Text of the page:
The ratings are multiplying, which is driving a rise in TV broadcasting deals. For instance, the 2019 FIFA Women’s World Cup in France enjoyed a total of 1,475 million viewers worldwide (considering both TV & Digital Platform viewers) and the final alone was watched live by 260 million viewers.
This growth has directly influenced new sponsorship deals and prize money being moved too. For example, FIFA and VISA have signed the biggest sponsorship commitment to date in women’s football for a total of 20 million dollars, and the 2023 FIFA Women’s World Cup is expected to award approximately $60 million to participating teams, which is double than what was offered in the 2019 tournament.
Taking all of this into consideration, this is a fantastic opportunity for brands to enter the space and support the athletes. Moreover, Arsenal’s Chief Commercial Officer, Juliet Slot, explains that the athletes are more willing to be more involved in sponsorship activations, but at the same time, they demand to be part of more purpose-driven partnerships.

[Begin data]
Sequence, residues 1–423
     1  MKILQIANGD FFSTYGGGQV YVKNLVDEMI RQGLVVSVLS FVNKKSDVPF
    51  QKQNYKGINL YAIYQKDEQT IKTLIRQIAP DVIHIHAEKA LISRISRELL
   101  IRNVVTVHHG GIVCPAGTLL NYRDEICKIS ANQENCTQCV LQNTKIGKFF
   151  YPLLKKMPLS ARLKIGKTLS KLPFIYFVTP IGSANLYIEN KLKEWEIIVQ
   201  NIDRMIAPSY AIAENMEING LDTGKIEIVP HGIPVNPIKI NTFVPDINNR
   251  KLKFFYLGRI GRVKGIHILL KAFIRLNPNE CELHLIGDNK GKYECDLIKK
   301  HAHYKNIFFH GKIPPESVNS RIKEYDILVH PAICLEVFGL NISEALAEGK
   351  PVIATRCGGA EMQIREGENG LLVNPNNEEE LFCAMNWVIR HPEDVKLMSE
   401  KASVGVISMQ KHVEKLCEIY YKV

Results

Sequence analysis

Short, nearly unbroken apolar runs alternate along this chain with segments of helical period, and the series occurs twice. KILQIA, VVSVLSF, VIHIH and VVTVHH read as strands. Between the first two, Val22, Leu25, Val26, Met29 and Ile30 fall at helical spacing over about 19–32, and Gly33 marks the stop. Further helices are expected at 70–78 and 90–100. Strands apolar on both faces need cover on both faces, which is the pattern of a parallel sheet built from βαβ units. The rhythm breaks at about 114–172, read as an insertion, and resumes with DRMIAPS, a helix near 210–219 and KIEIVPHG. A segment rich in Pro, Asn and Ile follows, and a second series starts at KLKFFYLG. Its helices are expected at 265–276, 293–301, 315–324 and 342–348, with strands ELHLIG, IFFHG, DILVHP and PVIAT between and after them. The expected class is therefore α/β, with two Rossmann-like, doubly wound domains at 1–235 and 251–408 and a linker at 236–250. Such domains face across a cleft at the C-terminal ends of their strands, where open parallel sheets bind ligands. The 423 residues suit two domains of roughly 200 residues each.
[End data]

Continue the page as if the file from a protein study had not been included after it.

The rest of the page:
TALENT IS THE KEY ENABLER TO GROWING THE GAME OF FOOTBALL
Despite the progress achieved, there is still a long way to go. Front Office Sports interviewed some of the top female executives in an attempt to find out why female football is still not on the same wavelength as the masculine. They identified 3 main challenges that need to be addressed: governance, developing talent at the youth level to ensure the quality of the league in the long term, attracting and nurturing new fans.
Based on the flywheel outlined above, however, one could conclude that talent is the key enabler; after all, talent attracts new fans, revenues, and investment. For this to work though, there needs to be more equality in terms of salaries and wages; only then will the pool of talent widen.